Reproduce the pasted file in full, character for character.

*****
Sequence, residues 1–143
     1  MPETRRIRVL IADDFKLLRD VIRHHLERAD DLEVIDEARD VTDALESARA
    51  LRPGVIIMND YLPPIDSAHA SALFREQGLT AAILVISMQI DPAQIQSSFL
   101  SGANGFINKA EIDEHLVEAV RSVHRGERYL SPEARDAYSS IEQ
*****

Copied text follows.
Sequence, residues 1–143
     1  MPETRRIRVL IADDFKLLRD VIRHHLERAD DLEVIDEARD VTDALESARA
    51  LRPGVIIMND YLPPIDSAHA SALFREQGLT AAILVISMQI DPAQIQSSFL
   101  SGANGFINKA EIDEHLVEAV RSVHRGERYL SPEARDAYSS IEQ